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View Diary: Standing Behind a Ban on Torture (244 comments)

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  •  Growing number of diaries here on torture (11+ / 0-)

    Here is a quotation from one I'm looking forward to reading.

    I've been working on a diary about torture, the main point of which is that we as people no longer think very clearly, no longer have a sense of our fundamental values.

    I may have to write a diary, too, because I feel this so deeply that torture is used to shame and humiliate us, as well. Her is my start:

    Torture lives on beyond the flesh of the tortured. It's main purpose isn't to extract information - it is to make us all who hear of it fearful for our own flesh. It's purpose is the humiliate the by-standers [us] by making us feel helpless. It is sadism directed at the flesh of the one, sadism for the pleasure of giving pain, with the larger benefit of giving pain to the onlooker - us. In a democracy, giving pain to the owners of the government - us.

    Bush's specialty was humiliation of those present, and those observing from afar, for his own pleasure. Real power for a sadist means expanding the reach of coercion, humiliation, destruction, and pain. The smirk was an expression of pleasure - for the sadist.

    To that I would add, General Cullen, that men like you, in your position, were one of the objects of the Bush torture actions.  Torture becomes public in order to humiliate the others in charge who can't stop it. Torture wasn't secret to the Bush administration - we saw the photos then saw Bush saying, "We don't torture."

    It is a particular type of humiliation that abusive persons use on those they hurt and who love them. "I didn't hurt you." They lie about the reality of the harm to the one harmed. "Not only did I hurt you but I demand that you agree that I didn't." It's the torturer's lie, the sadist's lie, and it increases the pleasure to the sadist.

    The purpose of a torture policy isn't to get information - it is to humiliate and control the rest of us who are forced to look on.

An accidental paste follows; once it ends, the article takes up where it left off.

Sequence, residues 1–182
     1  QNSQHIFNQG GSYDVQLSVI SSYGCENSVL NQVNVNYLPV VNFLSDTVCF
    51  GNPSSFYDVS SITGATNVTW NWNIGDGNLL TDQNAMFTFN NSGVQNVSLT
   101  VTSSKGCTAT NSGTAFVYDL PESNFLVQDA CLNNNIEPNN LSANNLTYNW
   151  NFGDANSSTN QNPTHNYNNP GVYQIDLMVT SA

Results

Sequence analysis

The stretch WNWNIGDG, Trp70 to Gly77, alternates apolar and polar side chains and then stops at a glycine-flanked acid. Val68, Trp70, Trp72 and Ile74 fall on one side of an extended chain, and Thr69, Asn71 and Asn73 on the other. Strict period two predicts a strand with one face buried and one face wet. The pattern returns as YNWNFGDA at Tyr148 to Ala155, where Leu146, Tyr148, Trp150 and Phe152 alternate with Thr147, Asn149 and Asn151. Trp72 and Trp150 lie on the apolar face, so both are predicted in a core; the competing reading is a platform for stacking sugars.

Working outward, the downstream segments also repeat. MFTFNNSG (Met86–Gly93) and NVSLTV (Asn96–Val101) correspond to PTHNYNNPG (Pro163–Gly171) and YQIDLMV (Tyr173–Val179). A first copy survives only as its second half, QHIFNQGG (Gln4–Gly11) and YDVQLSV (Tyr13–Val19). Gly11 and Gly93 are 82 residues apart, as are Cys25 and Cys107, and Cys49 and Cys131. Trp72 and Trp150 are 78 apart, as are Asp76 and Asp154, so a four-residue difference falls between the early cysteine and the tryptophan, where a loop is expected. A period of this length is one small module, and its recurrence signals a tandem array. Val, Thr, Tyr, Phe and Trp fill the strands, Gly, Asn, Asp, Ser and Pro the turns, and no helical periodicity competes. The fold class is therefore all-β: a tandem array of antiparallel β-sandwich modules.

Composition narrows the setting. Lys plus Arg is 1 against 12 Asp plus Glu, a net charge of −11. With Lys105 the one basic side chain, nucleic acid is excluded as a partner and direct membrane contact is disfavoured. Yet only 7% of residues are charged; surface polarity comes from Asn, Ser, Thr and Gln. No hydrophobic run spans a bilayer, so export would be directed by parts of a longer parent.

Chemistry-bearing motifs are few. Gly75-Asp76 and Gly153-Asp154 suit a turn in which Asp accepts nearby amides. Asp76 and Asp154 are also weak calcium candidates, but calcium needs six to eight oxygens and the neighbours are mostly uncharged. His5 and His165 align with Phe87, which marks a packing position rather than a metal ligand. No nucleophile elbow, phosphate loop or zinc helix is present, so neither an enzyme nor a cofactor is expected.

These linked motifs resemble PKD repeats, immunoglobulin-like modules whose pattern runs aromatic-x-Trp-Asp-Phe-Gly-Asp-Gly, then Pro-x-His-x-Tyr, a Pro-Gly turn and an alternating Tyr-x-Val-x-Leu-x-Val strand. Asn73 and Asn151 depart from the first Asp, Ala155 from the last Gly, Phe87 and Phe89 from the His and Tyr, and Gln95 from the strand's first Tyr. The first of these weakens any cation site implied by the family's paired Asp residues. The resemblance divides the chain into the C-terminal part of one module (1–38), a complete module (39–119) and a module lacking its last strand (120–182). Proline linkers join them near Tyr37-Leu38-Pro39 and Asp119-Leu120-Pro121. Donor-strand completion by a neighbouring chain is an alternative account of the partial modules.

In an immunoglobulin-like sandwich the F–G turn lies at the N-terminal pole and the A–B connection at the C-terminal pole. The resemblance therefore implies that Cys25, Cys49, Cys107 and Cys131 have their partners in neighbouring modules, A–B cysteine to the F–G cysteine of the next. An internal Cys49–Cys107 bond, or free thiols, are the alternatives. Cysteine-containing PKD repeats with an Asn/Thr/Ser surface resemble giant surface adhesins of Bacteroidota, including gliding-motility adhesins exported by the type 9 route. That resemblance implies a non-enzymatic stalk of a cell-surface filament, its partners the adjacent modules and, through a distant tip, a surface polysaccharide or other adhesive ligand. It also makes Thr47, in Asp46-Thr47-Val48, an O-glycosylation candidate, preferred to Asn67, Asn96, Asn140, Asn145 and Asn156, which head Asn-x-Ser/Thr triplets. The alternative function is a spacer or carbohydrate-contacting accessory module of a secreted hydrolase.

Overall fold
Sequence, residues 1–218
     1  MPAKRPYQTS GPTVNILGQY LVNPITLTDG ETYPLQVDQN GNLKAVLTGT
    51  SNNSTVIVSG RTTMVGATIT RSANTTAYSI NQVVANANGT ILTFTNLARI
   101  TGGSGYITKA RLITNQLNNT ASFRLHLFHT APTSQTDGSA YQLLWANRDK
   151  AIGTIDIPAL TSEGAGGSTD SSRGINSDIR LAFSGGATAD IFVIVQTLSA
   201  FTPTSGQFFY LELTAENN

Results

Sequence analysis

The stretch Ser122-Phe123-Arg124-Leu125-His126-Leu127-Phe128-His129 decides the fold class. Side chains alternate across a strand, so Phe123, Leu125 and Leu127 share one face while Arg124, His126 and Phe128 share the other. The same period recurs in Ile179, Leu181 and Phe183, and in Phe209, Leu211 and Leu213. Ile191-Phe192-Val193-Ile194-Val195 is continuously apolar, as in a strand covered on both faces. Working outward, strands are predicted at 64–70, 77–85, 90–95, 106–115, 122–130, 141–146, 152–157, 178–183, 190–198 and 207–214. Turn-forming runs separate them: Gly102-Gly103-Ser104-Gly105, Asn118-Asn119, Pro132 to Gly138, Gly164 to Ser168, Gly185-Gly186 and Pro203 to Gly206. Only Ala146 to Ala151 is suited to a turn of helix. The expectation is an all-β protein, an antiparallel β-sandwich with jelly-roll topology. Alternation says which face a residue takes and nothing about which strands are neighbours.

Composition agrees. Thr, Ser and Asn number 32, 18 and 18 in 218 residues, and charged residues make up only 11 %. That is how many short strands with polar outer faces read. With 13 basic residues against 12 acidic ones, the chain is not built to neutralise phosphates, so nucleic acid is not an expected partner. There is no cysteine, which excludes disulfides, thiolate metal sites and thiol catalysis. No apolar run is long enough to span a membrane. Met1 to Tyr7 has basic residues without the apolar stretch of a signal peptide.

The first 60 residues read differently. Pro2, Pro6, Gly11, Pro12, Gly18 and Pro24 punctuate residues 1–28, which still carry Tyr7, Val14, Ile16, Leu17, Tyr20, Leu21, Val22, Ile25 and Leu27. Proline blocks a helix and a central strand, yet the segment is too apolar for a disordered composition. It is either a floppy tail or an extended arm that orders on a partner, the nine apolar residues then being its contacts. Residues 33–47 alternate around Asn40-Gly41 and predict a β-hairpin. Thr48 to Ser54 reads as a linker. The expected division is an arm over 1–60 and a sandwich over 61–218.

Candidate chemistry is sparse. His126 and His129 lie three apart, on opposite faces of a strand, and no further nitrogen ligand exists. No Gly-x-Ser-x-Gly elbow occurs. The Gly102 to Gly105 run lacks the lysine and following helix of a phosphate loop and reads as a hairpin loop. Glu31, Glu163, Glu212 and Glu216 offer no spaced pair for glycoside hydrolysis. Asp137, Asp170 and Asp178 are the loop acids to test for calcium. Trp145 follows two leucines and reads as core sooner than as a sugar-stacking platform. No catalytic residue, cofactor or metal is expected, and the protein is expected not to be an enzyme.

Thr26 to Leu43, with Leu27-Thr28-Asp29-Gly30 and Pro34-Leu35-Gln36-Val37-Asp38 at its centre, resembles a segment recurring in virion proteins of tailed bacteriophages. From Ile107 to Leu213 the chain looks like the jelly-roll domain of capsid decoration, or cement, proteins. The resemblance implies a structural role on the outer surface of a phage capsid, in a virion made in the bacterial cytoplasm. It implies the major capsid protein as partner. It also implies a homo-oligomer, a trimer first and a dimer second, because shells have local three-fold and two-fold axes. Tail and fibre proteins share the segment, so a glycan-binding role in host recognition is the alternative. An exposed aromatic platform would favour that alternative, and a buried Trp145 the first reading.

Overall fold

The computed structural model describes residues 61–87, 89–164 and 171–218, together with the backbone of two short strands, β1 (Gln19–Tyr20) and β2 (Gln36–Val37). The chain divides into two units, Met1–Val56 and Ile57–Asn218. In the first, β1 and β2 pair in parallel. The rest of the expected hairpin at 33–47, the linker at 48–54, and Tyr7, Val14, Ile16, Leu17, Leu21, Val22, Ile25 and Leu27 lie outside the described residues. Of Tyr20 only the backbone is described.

Where is Howard Dean?

    by mrobinson on Tue Jan 27, 2009 at 11:08:46 AM PST

    •  mrobinson, some reflections my friend: (1+ / 0-)

      As alluded to in another comment, I have seen episodes of torture of VC prisoners by South Vietnamese irregulars in the field. I have wanted for a long time to do a diary but it is a struggle. Maybe someday I can in a way that makes sense.

      In short, though, and in response to one of your points, the abuses I witnessed did seem to have the extraction of information as at least one of the main objectives. They took a lot of notes.

      I would say, though,  that concern about the quality of the information at this level was probably minimal, negated by factors relating to your points: revenge and summary punishment of the enemy, intimidation, excercise of ultimate power over "the other."

      The perpetrators in these cases were crudely trained and under the general guidance of a corrupt regime, not to mention that they had just been under fire from someone who they probably thought they had now hanging by their elbows in front of them -- the formulators and supporters of torture policy at the top, regardless of nationality, are far more guilty, in my opinion.

      I look forward to more from you on this. Thanks.

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